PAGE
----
The results of this study's spatial analysis will shed light on both the representation of gender roles depicted within the fictional culture, time, and location of the series and contribute to future studies on gender and space, considering the prevailing norms of today and beyond. By emphasizing the limita-tions faced by women in social life, it is hoped that it would contribute to raising awareness of women's rights and gender inequality in society.


Atwood, M. (2004). The Handmaid's Tale and Oryx and Crake in Context. PMLA, 119(3), 513-517. https://doi.org/10.1632/003081204X20578

Atwood, M. (2019 [1985]). Damızlık Kızın Öyküsü. (Çev. S. Altınçekiç ve Ö. Kabakçıoğlu). İstanbul: Doğan Kitap.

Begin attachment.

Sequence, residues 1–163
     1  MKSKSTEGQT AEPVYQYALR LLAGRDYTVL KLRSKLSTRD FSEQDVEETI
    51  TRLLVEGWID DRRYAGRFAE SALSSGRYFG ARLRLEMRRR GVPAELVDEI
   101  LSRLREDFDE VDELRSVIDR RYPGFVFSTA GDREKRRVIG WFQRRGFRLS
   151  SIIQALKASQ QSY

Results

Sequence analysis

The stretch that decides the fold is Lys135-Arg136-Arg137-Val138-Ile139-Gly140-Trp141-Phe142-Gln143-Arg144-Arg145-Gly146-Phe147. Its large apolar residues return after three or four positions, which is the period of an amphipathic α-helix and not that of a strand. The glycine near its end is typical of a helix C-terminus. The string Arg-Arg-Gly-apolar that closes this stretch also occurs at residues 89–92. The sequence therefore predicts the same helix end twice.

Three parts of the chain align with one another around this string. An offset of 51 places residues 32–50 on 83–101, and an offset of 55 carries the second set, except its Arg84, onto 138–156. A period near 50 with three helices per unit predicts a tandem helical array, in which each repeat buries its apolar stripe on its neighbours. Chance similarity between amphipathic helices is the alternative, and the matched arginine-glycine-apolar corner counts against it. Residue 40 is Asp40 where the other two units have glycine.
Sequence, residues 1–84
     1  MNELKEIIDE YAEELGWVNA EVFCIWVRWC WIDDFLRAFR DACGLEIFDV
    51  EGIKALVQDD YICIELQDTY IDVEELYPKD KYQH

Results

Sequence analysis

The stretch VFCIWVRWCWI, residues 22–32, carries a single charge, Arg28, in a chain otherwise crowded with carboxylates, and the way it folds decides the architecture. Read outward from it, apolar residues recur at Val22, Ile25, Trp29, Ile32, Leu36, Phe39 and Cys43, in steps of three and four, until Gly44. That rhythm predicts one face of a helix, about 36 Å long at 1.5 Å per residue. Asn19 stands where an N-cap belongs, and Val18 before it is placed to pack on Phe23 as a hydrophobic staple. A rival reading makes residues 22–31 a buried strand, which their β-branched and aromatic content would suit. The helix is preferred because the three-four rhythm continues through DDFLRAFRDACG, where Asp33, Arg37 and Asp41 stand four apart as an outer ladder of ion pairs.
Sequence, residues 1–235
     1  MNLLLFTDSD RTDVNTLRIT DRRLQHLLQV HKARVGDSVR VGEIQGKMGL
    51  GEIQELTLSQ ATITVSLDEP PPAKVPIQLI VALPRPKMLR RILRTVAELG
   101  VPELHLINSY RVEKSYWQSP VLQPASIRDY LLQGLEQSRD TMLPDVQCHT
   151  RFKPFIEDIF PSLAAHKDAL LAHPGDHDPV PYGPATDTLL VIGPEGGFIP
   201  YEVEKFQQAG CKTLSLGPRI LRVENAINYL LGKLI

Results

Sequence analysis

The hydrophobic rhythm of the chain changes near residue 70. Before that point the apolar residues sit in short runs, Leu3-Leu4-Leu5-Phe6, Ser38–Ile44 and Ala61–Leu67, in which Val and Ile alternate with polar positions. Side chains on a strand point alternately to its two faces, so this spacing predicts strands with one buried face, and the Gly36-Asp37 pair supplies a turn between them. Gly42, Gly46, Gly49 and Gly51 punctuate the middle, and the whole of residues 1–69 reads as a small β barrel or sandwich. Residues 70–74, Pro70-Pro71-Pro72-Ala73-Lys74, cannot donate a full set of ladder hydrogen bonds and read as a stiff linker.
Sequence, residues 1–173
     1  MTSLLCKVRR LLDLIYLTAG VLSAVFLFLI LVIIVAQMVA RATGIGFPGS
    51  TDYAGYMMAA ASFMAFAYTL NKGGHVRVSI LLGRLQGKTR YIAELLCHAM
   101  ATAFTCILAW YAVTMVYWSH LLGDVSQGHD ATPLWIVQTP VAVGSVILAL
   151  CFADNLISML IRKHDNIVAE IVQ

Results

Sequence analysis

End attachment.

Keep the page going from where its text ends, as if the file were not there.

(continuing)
Baydar, G. (2012). Sexualised productions of space. Gender, Place and Culture, 19(6), 699–706. https://doi.org/10.1080/0966369X.2012.675472

Beauvoir, S. (1986). Kadın: İkinci Cins. İçinde, B. Onaran, (Ed.). İstanbul: Payel Yayınevi.

Beşışık, G. (2013). Sinema ve mimarlıkta mekân kurgusu ve kavrayışı (Doktora tezi) Dokuz Eylül Üniversitesi, İzmir.

Butler, J. (1988). Performative Acts and Gender Constitution: An Essay in Phenomenology and Feminist Theory. Theatre Journal, 40(4), 519-531.

Butler, J. (2014 [1989]). Cinsiyet Belası: Feminizm ve Kimliğin Altüst Edilmesi. (Çev. B. Ertür). İstanbul: Metis Yayınevi.

Connell, R.W. (2005). Masculinities. California: University of California Press.

Der-Ohannesian, N. (2021). Female Negotiations of Affect in Domestic and Public Space in the Television Series The Handmaid’s Tale. Ilha do Desterro, 74, 577-588. https://doi.org/10.5007/2175-8026.2021.e75830